When you consider the elevated, root privileges SSH provides, you would assume that enterprises make SSH keys more secure than simple usernames and passwords, which provide far fewer privileges to critical systems and applications. But this is not the case. In this Technology Adoption Profile (TAP) by Forrester Research, analyst, John Kindervag, emphasizes, “Two-thirds of IT security professionals do not perform the necessary checks for unauthorized use of SSH keys.”
This negligence of SSH security has consequences. Nearly 50% of survey respondents reported that they had to address security incidents related to the compromise or misuse of SSH keys within the last 24 months—and that’s just based on known security incidents. Many more incidents go undetected.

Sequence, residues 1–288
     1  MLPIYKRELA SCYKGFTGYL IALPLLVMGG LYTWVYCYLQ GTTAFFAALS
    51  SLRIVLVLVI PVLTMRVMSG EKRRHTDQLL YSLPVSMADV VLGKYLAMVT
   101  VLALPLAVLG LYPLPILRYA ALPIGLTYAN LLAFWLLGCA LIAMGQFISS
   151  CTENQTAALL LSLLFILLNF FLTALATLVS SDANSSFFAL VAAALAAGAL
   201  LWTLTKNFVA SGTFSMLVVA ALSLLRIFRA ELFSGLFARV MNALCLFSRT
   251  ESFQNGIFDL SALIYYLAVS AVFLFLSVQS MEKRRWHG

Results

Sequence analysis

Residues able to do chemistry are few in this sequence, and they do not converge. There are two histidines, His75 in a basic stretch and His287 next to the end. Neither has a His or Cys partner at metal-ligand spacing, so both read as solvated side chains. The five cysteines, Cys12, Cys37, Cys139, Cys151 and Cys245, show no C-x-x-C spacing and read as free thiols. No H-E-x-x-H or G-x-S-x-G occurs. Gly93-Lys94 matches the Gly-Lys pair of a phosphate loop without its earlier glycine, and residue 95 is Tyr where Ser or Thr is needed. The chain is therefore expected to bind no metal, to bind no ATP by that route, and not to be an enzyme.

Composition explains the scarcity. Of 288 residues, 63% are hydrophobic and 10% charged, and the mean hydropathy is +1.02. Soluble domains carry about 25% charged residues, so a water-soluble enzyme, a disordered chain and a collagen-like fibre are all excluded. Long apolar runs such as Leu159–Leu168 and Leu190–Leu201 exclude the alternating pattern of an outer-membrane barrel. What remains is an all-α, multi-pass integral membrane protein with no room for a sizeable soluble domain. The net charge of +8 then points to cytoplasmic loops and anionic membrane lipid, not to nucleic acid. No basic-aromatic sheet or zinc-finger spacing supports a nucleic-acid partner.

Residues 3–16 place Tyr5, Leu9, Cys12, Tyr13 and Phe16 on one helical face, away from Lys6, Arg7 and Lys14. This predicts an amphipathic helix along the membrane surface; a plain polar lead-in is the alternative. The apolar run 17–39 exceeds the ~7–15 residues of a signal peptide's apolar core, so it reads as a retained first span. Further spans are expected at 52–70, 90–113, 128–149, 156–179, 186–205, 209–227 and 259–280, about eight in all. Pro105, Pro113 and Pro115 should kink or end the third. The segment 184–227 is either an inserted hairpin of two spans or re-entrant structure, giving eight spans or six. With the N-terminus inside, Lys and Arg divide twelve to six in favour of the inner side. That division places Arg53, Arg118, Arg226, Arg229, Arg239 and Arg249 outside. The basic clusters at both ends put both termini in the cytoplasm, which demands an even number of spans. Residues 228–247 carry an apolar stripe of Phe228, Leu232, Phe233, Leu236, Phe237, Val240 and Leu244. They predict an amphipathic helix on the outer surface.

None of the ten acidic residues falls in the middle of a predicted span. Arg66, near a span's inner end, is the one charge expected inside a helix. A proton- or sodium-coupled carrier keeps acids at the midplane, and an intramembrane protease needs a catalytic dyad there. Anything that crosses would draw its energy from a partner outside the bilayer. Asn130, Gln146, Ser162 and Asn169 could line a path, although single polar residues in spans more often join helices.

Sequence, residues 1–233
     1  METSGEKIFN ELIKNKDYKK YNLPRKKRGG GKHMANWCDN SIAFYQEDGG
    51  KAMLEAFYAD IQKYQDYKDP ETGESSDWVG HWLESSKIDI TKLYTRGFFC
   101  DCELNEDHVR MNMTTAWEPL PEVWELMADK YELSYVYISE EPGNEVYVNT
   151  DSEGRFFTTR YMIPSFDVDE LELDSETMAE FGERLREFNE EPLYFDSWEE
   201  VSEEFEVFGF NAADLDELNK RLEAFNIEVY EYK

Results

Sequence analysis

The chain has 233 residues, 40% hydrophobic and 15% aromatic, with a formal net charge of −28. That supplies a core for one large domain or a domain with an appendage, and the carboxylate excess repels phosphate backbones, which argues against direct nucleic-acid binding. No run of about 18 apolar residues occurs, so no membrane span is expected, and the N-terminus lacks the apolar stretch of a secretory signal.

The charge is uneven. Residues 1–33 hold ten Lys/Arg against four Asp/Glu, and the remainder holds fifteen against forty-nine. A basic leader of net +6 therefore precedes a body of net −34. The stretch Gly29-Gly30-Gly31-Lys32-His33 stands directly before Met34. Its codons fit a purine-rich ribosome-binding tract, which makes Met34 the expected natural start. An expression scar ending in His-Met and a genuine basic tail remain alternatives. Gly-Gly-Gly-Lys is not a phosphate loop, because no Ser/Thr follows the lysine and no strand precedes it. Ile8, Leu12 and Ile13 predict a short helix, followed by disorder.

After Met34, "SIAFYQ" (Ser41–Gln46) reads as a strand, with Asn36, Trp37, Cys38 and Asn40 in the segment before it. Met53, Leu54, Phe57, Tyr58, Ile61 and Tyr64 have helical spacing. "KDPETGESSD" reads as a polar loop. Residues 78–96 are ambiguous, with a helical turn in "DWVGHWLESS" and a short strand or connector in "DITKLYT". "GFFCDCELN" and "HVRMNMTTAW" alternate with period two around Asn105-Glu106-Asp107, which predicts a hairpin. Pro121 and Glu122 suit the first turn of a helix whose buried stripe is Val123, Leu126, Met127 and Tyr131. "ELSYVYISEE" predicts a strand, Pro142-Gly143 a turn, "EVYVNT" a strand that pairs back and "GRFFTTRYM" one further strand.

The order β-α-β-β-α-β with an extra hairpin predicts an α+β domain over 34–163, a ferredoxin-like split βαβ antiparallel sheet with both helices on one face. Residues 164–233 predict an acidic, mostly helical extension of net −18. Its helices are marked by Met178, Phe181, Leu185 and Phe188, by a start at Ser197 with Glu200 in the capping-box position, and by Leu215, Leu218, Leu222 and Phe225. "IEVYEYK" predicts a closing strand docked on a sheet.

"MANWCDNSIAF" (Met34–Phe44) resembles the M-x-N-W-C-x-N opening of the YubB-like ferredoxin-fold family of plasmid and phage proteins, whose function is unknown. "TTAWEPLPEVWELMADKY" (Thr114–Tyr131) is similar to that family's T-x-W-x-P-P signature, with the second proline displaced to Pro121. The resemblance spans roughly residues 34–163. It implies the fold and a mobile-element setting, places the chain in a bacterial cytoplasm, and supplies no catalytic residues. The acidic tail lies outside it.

What can you do to stay more secure and ensure better protection of SSH? Use this Forrester Research TAP to compare your SSH security to that of other organizations. Then close the gaps in your SSH security by applying Forrester’s requirements, including:
- Centralizing control and visibility
- Establishing a baseline
- Rotating keys regularly
- Continuously monitoring
- Remediating vulnerabilities